Republicans on the Hunt for Women Ready to Run for Office

Women remain woefully underrepresented in the nation's elected, lawmaking bodies.

There has never been a better time to be a woman looking to make a difference in the public sector than today. More doors are open to us than ever before, yet women are woefully underrepresented at nearly every level of elected office.

A recent study found only 40 percent of women feel they are qualified to serve as an elected official, while more than 60 percent of men consider themselves somewhat qualified to very qualified to serve in office. But the same study also found that when a woman or a man is asked to run for office, an equal 70 percent say they will consider putting their name on the ballot.

So we need to do a better job of asking, and then, when women say, "Yes," getting them over the finish line as winners.

The Republican State Leadership Committee's Right Women, Right Now initiative, of which I'm proud to serve a cochair, is leading the way. As part of the Future Majority Project to recruit, train, and support women and diverse Republican candidates for office, last cycle Right Women, Right Now identified 191 new Republican women candidates from 36 states. We spent more than $3 million to help elect 84 new Republican women to state office in the 2011-2012 cycle.

We are on our way to accomplishing our 2014 goals of identifying 300 female first-time candidates and electing at least half of them. Over the course of the past 10 months, we've made more than 30 state visits to cement our efforts on the ground. So far, Right Women, Right Now has identified at least 200 new women running for office as Republicans in at least 35 states, many of whom are women of diverse ethnic descent. We're proud that as we hit filing deadlines nationwide we are seeing record recruitment successes.

In Arkansas a record 24 Republican women filed for the state Legislature. Of these, 17 are first-time candidates. In Montana, a record 30 Republican women have filed paperwork to run in the state House and state Senate, including 27 new candidates. Two are Native American Republican women.

Together with our allies we are helping these women candidates by connecting them with tools, technology, education, mentoring, and financial support so they can win.

We have a long way to go, but we are proud of our success. In 2014, Republican women hold 37 statewide elective executive offices across the country. Republican women hold six of the lieutenant governor seats and have been elected secretaries of state in six. Republican women hold over 635 state legislative seats across the nation.

Our women lead with distinction. Not only do our four Republican women governors consistently grow a pro-business culture in their states, my fellow lieutenant governors — like Sue Ellspermann of Indiana and Kim Reynolds of Iowa — are helping lead a Midwest economic resurgence. Sue and Kim are growing manufacturing in their states and spearheading education reforms that are creating a better quality of life in the Midwest.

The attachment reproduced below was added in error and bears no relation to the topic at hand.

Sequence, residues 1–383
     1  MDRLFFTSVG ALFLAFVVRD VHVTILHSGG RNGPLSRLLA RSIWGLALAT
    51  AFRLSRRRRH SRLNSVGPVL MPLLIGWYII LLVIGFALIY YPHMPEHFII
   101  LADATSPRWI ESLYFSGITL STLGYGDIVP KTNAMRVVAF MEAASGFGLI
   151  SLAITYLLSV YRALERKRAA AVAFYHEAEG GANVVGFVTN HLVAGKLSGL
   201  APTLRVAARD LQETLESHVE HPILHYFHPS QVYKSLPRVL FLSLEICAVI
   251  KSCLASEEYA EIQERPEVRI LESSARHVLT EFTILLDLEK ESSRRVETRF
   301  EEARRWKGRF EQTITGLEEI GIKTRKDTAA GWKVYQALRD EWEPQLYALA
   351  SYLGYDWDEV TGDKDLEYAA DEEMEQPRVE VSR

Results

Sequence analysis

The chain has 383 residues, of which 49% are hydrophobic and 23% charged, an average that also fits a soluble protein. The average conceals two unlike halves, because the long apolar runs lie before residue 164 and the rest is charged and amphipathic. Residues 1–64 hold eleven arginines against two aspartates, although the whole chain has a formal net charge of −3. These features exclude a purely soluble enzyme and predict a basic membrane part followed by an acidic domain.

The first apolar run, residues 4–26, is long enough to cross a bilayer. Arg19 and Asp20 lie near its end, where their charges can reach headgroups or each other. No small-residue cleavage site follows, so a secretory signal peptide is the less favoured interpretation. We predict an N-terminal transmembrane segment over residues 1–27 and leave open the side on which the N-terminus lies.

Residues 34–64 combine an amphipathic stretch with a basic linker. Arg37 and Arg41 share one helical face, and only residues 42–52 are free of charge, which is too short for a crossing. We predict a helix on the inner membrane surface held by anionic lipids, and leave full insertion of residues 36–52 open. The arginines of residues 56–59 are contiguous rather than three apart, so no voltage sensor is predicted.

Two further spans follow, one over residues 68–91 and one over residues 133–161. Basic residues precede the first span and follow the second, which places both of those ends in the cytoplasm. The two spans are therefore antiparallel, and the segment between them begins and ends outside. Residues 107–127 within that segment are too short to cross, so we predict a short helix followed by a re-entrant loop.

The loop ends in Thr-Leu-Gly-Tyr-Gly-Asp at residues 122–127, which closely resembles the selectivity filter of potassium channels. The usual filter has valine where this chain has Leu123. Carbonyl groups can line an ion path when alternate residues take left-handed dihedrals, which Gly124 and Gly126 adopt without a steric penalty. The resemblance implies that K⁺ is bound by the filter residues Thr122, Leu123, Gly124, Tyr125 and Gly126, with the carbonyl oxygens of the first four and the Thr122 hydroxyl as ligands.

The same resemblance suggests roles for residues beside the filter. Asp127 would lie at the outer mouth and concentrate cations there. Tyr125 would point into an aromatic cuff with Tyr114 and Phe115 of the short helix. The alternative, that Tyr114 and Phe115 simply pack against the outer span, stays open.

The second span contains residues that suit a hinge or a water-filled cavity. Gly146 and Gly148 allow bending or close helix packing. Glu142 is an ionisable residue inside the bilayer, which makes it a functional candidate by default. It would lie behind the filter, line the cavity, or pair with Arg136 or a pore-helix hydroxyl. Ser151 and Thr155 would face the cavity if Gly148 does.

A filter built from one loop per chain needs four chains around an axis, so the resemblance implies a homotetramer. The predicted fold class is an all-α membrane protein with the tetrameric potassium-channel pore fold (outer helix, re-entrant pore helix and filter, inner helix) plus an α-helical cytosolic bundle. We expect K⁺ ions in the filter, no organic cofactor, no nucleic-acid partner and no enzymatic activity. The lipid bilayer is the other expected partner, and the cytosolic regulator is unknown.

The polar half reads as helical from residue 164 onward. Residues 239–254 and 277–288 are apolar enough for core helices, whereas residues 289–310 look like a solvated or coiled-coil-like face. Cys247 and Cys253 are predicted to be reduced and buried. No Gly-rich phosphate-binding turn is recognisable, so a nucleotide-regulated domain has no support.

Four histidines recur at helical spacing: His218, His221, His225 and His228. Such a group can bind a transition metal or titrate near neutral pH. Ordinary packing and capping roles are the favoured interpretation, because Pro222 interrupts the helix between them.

In Washington, Secretary of State Kim Wyman is the only Republican elected to statewide office on the West Coast. She leads coalition efforts in Washington to grow the party, and under her leadership several first time women and ethnic minority candidates are running in competitive districts. Veteran legislator Beth Harwell of Tennessee is her state's first female speaker of the House. Beyond helping to create a business-friendly tax climate for the Volunteer State, she is a national voice leading the charge for a federal balanced-budget amendment to keep our federal books in order like Republican women work hard to do in the states.

These are just a few outstanding female voices for our party. But we cannot deny another truth: There is a serious challenge facing Republicans, and more importantly, facing our nation, when it comes to addressing our shortcomings in connecting with and representing women.

Though women are credited with making 85 percent of this nation's consumer household decisions, the majority of the people making governing decisions that affect us and our families are men.

That's why we're trying to do a better job of identifying, recruiting, and supporting talented women. These mothers, daughters, sisters, and wives belong in the pipeline of leadership if we hope to achieve gender parity in elected offices. And we should, because when we invite everyone to the table to solve problems, we get better results.

It's incumbent upon us to not only recruit, train, and support new women to say "yes" to run, but create a culture of support for women elected officials once they are in office.

We want women to say "yes" to the call to mentor and support each other and run for public office. We want women who will say "yes" to help our party to adapt, grow and innovate, lead, and to win.

It's time for Republicans to get to work to find the right women to run, ask them to run, and convince them to say "yes."

And we need to say "yes" to helping them.

Rebecca Kleefisch is the lieutenant governor of Wisconsin. She serves as cochair of the Republican Senate Leadership Committee's Right Women, Right Now initiative and is on the executive committee for the Republican Lieutenant Governors Association.


The Next America welcomes op-ed pieces that explore the political, economic and social impacts of the profound racial and cultural changes facing our nation, particularly relevant to education, economy, the workforce and health. Email Janell Ross at Please follow us on Twitter and Facebook.